U.N.: Nearly 400 extrajudicial executions committed last November in DR Congo

More than 10 percent of killings committed by government security forces and the others by armed groups.

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Nearly 400 extrajudicial executions took place in the Democratic Republic of Congo in November last year, including more than 10 percent committed by government security forces and the others by armed groups, a UN report said Wednesday. 

The United Nations Joint Human Rights Office said “agents of the state” were responsible for the extrajudicial executions in November of 40 people, including 24 men, nine women and seven children.

The UNJHRO, in its latest monthly report, added that fighters with armed groups committed summary executions of at least 345 people, or 258 men, 61 women and 26 children. It documented in November 801 violations and human rights abuses throughout the territory of the Democratic Republic of Congo, or an increase of 61 percent over the month of October when there were 498 violations.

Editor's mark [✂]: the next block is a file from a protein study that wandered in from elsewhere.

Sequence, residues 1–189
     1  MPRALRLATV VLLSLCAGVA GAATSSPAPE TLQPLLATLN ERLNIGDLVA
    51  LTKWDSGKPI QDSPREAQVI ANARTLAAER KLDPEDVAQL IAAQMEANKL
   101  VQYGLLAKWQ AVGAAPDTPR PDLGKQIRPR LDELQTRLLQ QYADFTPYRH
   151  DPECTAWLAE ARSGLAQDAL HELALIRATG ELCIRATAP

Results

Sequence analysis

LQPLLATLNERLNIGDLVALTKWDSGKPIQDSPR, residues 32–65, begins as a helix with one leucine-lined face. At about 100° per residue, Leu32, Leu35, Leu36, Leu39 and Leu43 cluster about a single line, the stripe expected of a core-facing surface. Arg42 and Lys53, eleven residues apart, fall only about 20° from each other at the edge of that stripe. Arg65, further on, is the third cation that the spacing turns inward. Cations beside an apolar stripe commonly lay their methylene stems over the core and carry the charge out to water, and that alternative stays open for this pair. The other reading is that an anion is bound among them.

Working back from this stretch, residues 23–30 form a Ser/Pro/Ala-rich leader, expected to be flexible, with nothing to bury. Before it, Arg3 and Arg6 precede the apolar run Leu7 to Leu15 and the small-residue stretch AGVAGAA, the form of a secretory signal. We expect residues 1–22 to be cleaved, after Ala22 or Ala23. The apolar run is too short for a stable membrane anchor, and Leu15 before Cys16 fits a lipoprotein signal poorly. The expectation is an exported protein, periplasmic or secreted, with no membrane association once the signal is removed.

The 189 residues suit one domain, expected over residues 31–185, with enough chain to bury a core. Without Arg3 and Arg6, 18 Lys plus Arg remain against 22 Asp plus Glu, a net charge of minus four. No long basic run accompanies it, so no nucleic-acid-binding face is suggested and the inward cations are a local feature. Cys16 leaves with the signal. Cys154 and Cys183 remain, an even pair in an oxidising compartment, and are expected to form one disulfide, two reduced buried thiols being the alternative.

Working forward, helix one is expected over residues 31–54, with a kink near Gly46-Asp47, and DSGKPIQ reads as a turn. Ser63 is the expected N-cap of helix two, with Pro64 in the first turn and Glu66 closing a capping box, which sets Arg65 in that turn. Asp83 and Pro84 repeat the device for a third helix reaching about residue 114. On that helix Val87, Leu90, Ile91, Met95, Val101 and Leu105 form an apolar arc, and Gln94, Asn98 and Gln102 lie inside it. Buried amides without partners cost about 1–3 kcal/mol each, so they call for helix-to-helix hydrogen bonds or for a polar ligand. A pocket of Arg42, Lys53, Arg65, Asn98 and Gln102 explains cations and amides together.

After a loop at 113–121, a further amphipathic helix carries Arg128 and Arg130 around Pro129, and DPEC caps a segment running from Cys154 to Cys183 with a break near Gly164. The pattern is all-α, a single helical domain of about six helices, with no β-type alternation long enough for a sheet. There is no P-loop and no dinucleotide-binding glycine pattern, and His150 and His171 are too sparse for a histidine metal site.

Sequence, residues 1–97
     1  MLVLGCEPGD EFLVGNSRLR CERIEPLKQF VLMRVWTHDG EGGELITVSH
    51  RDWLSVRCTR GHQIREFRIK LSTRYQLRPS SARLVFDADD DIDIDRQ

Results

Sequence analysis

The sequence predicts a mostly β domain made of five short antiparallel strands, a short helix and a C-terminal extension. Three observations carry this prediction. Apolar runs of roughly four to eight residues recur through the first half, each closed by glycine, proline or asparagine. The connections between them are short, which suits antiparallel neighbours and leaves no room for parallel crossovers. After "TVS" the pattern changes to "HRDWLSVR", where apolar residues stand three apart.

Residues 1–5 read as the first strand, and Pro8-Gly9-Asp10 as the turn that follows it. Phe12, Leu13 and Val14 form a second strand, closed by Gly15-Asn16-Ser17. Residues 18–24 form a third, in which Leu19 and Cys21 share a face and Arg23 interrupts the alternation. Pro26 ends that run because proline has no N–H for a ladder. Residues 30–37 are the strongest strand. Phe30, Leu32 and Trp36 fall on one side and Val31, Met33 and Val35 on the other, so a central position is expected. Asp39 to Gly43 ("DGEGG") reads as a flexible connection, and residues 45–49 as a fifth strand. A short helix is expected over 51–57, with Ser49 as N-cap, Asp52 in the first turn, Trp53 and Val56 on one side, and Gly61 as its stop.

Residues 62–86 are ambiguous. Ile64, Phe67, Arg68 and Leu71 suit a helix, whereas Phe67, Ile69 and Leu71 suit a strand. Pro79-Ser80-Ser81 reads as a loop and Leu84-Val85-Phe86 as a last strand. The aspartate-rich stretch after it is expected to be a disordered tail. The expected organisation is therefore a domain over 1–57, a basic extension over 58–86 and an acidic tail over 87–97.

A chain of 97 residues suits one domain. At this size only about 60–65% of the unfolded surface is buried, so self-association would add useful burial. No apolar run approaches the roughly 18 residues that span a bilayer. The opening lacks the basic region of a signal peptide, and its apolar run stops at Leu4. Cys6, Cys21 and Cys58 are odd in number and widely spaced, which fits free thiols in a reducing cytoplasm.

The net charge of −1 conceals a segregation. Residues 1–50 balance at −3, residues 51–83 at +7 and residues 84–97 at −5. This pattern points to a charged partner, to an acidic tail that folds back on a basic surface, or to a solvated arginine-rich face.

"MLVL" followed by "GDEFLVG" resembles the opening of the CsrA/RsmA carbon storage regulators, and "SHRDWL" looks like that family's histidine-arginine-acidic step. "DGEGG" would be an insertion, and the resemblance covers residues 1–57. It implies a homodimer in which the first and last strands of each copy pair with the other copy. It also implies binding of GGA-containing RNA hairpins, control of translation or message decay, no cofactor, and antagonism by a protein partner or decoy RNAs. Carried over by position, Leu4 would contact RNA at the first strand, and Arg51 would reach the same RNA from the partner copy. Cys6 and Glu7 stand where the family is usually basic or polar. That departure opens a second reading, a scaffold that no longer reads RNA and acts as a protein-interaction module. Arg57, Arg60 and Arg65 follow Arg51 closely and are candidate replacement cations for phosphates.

The majority of violations and abuses took place in the province of North Kivu, followed by Ituri, Tanganyika and South Kivu, all of them in the eastern part of the nation, the report said. 

Since May North Kivu and Ituri have been under a state of siege aimed at ending the activity of armed groups. This exceptional measure has given the army full powers but has failed so far to prevent abuses by armed groups that have destabilized the region for 25 years.

The authorities of the Democratic Republic of Congo could not immediately be reached for comment. 

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